Will there ever be a time in which travelling communities are not members of a misrepresented minority, excluded from the rest of society? This was the question many travelling showmen during the Clyde Gateway regeneration project that was completed in Dalmarnock as part of Glasgow 2014. One of the three themes of the Commonwealth Games’ legacy was ‘inclusion’. That so many showmen (a travelling fairground community) felt that they were excluded because of their ethnicity is troubling in a modern democratic society.
Clyde Gateway is an ‘urban regeneration company’ that was created to revitalise parts of Glasgow for last year’s Commonwealth Games. There were undoubtedly improvements made in the Dalmarnock area. However many people questioned the fairness of Clyde Gateway driving local people from their homes. This sparked a huge debate across the United Kingdom and heavy media coverage surrounding the tenants. However, travelling showman communities in the area did not receive the same media coverage. Their sacrifices went unknown and they were left voiceless victims of discrimination.
In a world in which so many claim that political correctness has gone mad, it’s hard to believe that travelling communities would experience discrimination. After I discussed the issue with members of the local travelling community, it became clear that it was not necessarily being asked to co-operate with Clyde Gateway that they objected to, but the way in which they were treated throughout the moving process. Many were moved from the sites they occupied, starting over a period of ten years prior to the 2014 Games and continuing to this day. The only site licenses they could acquire meant they had to live in industrial estates. At first they were told very little about their future circumstances, despite the majority of them owning the land they were being moved from. They had unreasonable conditions set on the new land they occupied and were excluded from regeneration maps. They also felt that the way they were spoken to on many occasions was disrespectful.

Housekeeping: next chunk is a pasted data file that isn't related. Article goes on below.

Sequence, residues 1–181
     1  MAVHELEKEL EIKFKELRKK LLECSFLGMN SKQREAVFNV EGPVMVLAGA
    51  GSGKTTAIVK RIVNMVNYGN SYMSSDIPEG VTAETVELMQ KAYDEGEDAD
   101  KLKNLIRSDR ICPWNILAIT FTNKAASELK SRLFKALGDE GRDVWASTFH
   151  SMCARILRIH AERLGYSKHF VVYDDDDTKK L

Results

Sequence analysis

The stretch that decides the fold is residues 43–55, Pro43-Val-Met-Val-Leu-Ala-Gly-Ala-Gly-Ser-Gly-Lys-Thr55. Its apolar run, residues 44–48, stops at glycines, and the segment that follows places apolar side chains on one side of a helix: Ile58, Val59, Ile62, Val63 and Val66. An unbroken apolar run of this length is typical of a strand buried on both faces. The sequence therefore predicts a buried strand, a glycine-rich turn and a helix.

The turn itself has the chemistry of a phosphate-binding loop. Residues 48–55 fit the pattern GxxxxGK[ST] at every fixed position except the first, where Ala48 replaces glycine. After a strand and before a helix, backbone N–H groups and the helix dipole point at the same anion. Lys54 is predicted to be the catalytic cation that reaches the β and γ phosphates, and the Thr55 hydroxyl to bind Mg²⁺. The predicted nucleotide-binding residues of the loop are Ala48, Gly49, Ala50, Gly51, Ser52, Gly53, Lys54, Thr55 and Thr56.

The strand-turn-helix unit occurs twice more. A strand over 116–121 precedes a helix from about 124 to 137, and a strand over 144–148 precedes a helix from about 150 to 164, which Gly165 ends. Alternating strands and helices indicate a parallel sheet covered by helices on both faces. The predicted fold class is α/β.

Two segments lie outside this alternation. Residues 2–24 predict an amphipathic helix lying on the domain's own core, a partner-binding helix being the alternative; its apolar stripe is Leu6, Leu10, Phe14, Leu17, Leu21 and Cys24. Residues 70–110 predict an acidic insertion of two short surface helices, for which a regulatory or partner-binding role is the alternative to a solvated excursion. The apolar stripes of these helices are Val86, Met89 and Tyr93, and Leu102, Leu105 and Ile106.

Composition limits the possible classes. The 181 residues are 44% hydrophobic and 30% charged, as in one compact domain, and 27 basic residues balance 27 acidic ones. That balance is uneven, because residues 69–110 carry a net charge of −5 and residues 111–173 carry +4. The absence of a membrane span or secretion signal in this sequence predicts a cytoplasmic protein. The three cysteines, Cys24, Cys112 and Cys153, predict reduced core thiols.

These attitudes toward the travelling community are reflected throughout society. Travellers were protested against when they tried to move into a different area, received late payments after their re-location and told by their local MP that they were not his concern. Linda Johnson, who is the co-owner of a showman’s site just outside the Dalmarnock area, claims that this process has encouraged a negative view of showmen. She feels that this has created major setbacks in their assimilation into the wider community: ‘Clyde Gateway has knocked my people back twenty-five years!’
Roy Thomson, a local showman, demands action against this type of behaviour: ‘Westminster and Holyrood need to take more notice of organisations such as Clyde Gateway, their racist and discriminatory, almost stone-age approach is…worrying’. That anyone could be made to feel excluded and discriminated against in the twenty-first century is morally repugnant.